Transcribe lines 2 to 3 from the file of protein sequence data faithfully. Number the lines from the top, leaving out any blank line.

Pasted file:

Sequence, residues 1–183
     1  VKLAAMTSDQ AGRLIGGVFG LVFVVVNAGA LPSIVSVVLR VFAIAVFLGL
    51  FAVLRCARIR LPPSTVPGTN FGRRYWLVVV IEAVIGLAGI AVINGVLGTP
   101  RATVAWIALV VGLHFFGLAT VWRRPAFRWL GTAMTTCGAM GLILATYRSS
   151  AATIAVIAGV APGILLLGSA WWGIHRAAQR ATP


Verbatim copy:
     1  VKLAAMTSDQ AGRLIGGVFG LVFVVVNAGA LPSIVSVVLR VFAIAVFLGL
    51  FAVLRCARIR LPPSTVPGTN FGRRYWLVVV IEAVIGLAGI AVINGVLGTP